Concept/Content play--as a form of behavior / wolf pups
Information caption Animals exhibit a wide range of behaviors. They forage. They defend territory and flee predators. As illustrated by these wolf pups, sometimes they play. They reproduce, at times with spectacular displays. They learn. But perhaps the most striking from an evolutionary perspective is that they sometimes cooperate or help others, even at a cost to themselves. Why? Morality seems to defy the image of natural selection as "selfish," favoring only traits that benefit the individual in a competitive "struggle for existence." Given the importance of morality for human society, this puzzle is a major challenge for science. How do biologists interpret such behavior? How could morality originate in an evolutionary context?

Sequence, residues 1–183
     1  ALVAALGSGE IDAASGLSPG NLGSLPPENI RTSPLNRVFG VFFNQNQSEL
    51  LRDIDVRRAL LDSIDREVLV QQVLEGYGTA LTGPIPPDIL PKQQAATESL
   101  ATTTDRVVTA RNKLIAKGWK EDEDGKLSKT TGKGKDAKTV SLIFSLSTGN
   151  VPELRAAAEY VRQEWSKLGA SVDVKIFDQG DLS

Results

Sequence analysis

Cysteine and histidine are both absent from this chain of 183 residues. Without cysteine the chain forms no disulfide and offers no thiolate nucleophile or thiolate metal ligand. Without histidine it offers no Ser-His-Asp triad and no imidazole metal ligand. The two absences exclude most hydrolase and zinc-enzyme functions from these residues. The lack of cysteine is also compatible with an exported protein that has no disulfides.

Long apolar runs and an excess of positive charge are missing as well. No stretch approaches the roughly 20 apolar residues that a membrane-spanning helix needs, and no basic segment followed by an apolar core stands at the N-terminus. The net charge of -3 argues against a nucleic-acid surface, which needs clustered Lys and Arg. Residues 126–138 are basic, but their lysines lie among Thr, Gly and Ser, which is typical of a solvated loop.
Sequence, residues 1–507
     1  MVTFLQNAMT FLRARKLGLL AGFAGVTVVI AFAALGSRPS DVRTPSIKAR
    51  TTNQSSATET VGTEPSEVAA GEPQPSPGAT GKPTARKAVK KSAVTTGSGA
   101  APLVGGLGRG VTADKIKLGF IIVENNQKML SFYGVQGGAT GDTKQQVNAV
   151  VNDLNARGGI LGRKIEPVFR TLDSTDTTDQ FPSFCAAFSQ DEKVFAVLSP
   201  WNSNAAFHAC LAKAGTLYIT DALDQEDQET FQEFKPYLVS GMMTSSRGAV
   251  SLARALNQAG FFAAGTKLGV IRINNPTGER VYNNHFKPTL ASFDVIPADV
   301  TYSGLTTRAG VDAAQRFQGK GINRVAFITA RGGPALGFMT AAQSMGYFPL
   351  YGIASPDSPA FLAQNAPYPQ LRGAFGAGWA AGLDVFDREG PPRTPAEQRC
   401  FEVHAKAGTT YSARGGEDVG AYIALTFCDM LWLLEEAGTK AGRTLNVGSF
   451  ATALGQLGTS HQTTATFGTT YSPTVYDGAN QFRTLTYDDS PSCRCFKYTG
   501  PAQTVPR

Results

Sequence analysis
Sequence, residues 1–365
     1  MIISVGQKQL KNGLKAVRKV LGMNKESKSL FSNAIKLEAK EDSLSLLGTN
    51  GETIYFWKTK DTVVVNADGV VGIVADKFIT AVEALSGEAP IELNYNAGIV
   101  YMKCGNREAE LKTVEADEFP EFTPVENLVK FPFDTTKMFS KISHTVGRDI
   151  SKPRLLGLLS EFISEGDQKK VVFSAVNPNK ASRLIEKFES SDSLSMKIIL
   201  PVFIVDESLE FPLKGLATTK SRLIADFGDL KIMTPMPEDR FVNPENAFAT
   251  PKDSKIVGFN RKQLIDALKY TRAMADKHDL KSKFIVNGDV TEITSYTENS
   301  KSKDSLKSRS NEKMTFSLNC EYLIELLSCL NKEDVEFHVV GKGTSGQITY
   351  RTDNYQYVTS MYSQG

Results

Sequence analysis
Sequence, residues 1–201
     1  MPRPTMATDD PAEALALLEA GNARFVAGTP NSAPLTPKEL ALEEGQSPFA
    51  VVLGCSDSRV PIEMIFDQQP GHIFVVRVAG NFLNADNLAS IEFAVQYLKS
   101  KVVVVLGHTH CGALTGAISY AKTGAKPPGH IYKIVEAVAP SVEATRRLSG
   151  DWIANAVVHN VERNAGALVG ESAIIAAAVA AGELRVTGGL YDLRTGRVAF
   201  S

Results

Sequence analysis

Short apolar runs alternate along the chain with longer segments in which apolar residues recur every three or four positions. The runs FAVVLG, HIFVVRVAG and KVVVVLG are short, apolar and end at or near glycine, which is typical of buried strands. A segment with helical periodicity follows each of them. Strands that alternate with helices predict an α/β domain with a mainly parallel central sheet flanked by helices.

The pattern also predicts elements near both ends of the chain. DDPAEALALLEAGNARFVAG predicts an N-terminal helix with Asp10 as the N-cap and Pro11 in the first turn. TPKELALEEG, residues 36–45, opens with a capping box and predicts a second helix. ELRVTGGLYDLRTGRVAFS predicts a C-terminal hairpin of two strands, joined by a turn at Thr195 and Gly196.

Inquiry caption Scientists are interested in explaining behavior, such as the type exhibited here: why do animals play? Can you name other behaviors that might be addressed scientifically? [Students generate list.] ...Can we include moral behavior on our list? OR What does it mean to include moral behavior on this list?
Target: Orienting to "A Biological Approach to Explaining Morality"
Photographer Bill Forbes
Credit "Photo by Bill Forbes,"
SIZE in pixels [file size] 480x360 [83KB]

© 2008